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One Acre Cafe seeking volunteers to help the "pay what you can" restaurant

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"Eat what you want, pay what you can." May sound too good to be true, but the concept has materialized into more than 20 restaurants nationwide. The innovative approach to combating hunger, has made its way to Johnson City thanks to the vision of a local mother and son.

The desire to create this type of restaurant, paying only what you can afford, stems from great need in our region.According to data from Second Harvest Food Bank of Northeast Tennessee, approximately 1 out of every 5 people in Northeast Tennessee lives in poverty, and nearly one out of five suffers from food insecurity - simply unable to provide the food necessary for themselves and/or their families.

One Acre Cafe plans to open its doors at 603 West Walnut Street in October, with a soft opening in September.

News Channel 11's Kylie McGivern takes us inside the future location of a nonprofit hoping to make a difference, one healthy meal at a time.

Like any good story, this one starts with one person and an idea.

"The vision caster was Jane Orchard, who is my mom," One Acre Cafe Manager Bryan Orchard said.

He grabbed onto his mother's vision, and didn't let go.

"I have a heart for the things that my mom has a heart for."

A heart for giving back -

"There are folks in our community that have less, that are not as fortunate as we are."

- And soul desire, to make a difference.

"This café exists and is going to exist for those folks that for whatever reason, find themselves on the other side of plenty," Orchard said.

The concept is simple, but follows a far deeper issue that plagues our region.

"Within our area, approximately 74,000 people are food insecure, and have reported that they don't have enough food for themselves or their families on a regular basis... That breaks down to about 1 in 5 in our region," Second Harvest of Northeast Tennessee Executive Director Rhonda Chafin said. "The One Acre Cafe will provide a wonderful resource to families. They can go out to dinner, they may only have a few dollars but they can, they can donate what they can and still provide for their families and they can have a nice restaurant setting and have a nutritious meal."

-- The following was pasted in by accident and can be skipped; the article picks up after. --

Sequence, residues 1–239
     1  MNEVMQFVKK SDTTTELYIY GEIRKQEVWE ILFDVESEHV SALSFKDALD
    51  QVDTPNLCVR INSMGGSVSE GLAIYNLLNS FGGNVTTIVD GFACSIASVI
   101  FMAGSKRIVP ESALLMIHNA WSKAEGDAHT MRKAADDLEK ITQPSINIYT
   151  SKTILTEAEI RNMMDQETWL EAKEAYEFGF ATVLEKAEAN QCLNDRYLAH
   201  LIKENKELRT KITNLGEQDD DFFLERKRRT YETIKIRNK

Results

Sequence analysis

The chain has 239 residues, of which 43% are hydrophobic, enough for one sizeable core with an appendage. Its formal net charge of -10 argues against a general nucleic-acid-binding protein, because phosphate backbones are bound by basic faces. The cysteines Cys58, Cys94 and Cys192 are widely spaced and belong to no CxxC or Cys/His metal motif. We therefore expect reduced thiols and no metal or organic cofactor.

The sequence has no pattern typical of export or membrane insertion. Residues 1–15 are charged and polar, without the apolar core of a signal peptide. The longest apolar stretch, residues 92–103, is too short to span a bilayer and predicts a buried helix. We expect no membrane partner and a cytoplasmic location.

Rather than pizza, hamburgers and macaroni and cheese, One Acre Cafe will feature seasonal, nutritious foods.

"This is going to be healthy meals, very much built on produce, fruits and vegetables, and we're going to partner with our local farmers," Orchard said.

Beverly Jenkins, Owner of Main Street café in Jonesborough, will serve as Advisor to One Acre Cafe, bringing her restaurant and food services expertise to the non-profit organization. She says she's looking forward to the creative opportunities involved in crafting menus from seasonal items.

"There's a lot of farmers around here. And connecting with them is pretty easy, and they love to sell bulk things to us, and it's just a win win situation for everybody," Jenkins said.

"Along the way, the journey has been much more extensive than any of us thought," Orchard said. "There are so many elements that need to come together to make something like this happen."

Though the road to develop One Acre Cafe hasn't been easy, Wednesday provided just a moment to look back.

"I mean it's amazing that we're here, in this space, one year after this vision was cast," Orchard said. "The vision was cast by one person, that person gets the ball rolling, and we stand here a year later in an amazing space, at an amazing time, doing amazing things. It will be successful is the community embraces it."

Orchard says One Acre Cafe isn't just about giving back, but people giving in, paying it forward. Those who dine at the café can volunteer, and in turn, gain life skills.

"We invite them in to then participate in the life of the cafe, to work in the café to gain these skills, these food service skills. And then we're gonna work with them to then send them back out into the community and to the other food service businesses in the local area, and help to place them in those positions so then they for themselves can go back out and play a role in their own community," Orchard said.

A community that's fueling the hunger, to make a difference in people's lives.

"This is just right. It's the right thing to do, and when you do the right thing, it resonates with folks," Orchard said.

One Acre Cafe will start with serving lunch, and possibly extend their hours from there. Except for a paid chef and manager, the café operations will be completely driven by volunteers.

All this month, Bryan and other board members will be working on construction and renovations to have a fresh, clean slate for the new restaurant.

If you want to get involved in the community effort, you're encouraged to email the One Acre Cafe team, visit: http://www.oneacrecafe.org/

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